Acupuncture for Professionals

  /  Acupuncture for Professionals

The first record of Traditional Chinese Medicine, the Huang di Nei Jing (Yellow Emperor’s Classic of Internal Medicine), was compiled over 2500 years ago in China. Acupuncture emerged as an important component of Oriental Medicine more than 2000 years ago. Today acupuncture has reached most parts of the globe and over the past two decades it has grown in popularity in the United States.  Acupuncture is a safe medical procedure, well known for its efficacy and lack of side effects when administered by a qualified practitioner. Acupuncture has been used to treat and cure a wide variety of health problems, the most common of which include asthma, arthritis, palsy, impotence, sciatica, chronic or acute back and neck pain, headaches, ulcers, diabetes, colitis, gastrointestinal problems, genito-urinary conditions, and the common cold.

Acupuncture has gained greater acceptance among both the medical community and the public. Interest in acupuncture has brought about support from medical establishments such as the National Institutes for Health (NIH) and the Food and Drug Administration. The National Center for Complementary and Alternative Medicine (NCCAM) reports that in effectiveness-design trials for a variety of conditions where acupuncture has been compared to standard care, acupuncture generally produces superior pain relief, and when acupuncture plus standard care (following clinical practice guidelines) was used for specific types of pain it yielded a statistically significant and clinically meaningful superiority to standard care alone.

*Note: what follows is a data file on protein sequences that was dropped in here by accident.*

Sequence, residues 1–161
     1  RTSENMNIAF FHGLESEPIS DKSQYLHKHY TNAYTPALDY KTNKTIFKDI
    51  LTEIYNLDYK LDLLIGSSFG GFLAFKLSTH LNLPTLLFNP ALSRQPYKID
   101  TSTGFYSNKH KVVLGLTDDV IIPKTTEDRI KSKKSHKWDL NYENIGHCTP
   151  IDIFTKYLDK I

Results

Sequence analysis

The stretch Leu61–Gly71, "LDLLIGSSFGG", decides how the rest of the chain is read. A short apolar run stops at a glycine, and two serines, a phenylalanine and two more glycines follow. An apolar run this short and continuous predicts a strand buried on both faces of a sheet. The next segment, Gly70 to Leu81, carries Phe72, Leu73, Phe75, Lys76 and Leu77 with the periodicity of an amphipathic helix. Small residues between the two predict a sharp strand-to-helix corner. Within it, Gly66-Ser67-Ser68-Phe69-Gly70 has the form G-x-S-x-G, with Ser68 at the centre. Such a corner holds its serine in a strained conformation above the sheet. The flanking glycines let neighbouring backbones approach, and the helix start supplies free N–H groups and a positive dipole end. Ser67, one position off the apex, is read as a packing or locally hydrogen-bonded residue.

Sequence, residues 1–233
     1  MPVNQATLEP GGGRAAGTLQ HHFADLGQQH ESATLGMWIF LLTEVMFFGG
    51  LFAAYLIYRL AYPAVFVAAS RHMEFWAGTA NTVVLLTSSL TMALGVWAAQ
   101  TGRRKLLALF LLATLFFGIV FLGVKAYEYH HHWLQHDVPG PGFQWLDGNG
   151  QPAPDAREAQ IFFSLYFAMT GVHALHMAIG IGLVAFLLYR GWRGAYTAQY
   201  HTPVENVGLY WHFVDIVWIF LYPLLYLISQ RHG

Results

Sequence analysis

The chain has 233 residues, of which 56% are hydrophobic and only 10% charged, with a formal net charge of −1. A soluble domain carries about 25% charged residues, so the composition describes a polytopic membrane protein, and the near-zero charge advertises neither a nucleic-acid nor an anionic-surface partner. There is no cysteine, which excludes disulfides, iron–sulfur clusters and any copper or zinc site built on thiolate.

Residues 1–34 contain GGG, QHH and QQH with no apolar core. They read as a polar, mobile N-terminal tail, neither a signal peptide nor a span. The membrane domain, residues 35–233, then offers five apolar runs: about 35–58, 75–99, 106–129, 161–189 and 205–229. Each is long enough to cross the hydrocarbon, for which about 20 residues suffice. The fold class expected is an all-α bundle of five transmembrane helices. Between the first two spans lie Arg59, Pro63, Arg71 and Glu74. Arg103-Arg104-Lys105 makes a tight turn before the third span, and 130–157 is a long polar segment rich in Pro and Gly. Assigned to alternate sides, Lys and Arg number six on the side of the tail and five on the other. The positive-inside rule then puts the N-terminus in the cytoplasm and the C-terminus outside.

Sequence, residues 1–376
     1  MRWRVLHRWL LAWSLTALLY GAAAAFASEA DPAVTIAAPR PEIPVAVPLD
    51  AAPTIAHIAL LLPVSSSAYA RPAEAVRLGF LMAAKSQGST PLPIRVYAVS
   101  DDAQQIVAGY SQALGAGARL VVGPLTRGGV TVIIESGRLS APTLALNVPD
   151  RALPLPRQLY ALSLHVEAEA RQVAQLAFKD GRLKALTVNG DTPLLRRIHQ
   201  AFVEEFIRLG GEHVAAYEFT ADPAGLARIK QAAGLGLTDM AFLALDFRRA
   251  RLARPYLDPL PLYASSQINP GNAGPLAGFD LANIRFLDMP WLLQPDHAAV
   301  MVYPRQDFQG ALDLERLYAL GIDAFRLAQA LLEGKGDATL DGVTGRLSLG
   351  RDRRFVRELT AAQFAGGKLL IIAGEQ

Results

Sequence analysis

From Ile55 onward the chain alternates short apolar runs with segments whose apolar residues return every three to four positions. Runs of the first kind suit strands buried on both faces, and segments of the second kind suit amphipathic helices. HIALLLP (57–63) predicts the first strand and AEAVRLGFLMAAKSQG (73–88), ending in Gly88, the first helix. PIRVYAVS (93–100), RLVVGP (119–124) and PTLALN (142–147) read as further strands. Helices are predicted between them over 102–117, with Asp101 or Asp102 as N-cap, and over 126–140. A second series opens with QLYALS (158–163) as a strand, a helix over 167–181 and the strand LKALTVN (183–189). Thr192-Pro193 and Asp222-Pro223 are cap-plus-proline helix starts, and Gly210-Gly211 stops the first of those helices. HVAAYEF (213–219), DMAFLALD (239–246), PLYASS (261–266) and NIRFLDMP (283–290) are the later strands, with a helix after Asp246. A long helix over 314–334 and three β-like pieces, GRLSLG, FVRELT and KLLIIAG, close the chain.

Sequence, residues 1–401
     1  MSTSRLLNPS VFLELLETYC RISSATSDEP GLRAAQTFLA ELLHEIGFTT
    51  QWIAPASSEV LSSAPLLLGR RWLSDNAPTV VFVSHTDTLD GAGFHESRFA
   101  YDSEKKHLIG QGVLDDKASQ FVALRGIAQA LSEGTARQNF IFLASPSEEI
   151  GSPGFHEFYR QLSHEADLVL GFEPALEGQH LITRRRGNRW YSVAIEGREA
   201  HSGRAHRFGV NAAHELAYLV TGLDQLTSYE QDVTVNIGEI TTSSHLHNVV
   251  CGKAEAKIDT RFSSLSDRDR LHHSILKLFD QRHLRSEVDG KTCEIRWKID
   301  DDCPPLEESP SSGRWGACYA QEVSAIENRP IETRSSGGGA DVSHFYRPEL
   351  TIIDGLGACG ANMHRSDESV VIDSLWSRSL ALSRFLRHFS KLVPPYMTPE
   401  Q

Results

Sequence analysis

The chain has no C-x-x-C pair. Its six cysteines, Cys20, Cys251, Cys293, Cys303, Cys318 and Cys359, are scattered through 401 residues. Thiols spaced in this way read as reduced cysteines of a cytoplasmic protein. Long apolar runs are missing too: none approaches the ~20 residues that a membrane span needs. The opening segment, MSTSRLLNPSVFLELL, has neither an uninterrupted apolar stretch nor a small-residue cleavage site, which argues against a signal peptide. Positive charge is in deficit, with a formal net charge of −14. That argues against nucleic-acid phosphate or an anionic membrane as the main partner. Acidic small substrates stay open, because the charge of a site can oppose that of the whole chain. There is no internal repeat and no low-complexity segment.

Medical practitioners are becoming more familiar with acupuncture, and some are seeking to incorporate acupuncture into their practices.  It is used by all branches of the Military to treat many conditions including pain and PTSD.

Acupuncture is considered one of the fastest growing professions in the United States. It is a licensed profession in 55 states plus the District of Columbia. In the US, visits to acupuncturists tripled to 17.6 million, between 1997 and 2007, according to a federal report on alternative medicine. As interest and recognition of acupuncture expands nationally, graduates of the Masters programs in Acupuncture at New York College are entering the world of health and healing at a time when opportunities to practice, research, and teach are increasing. The skills learned in training at the New York College enable graduates to successfully establish and expand their practices to treat patients of all ages with a wide variety of health difficulties.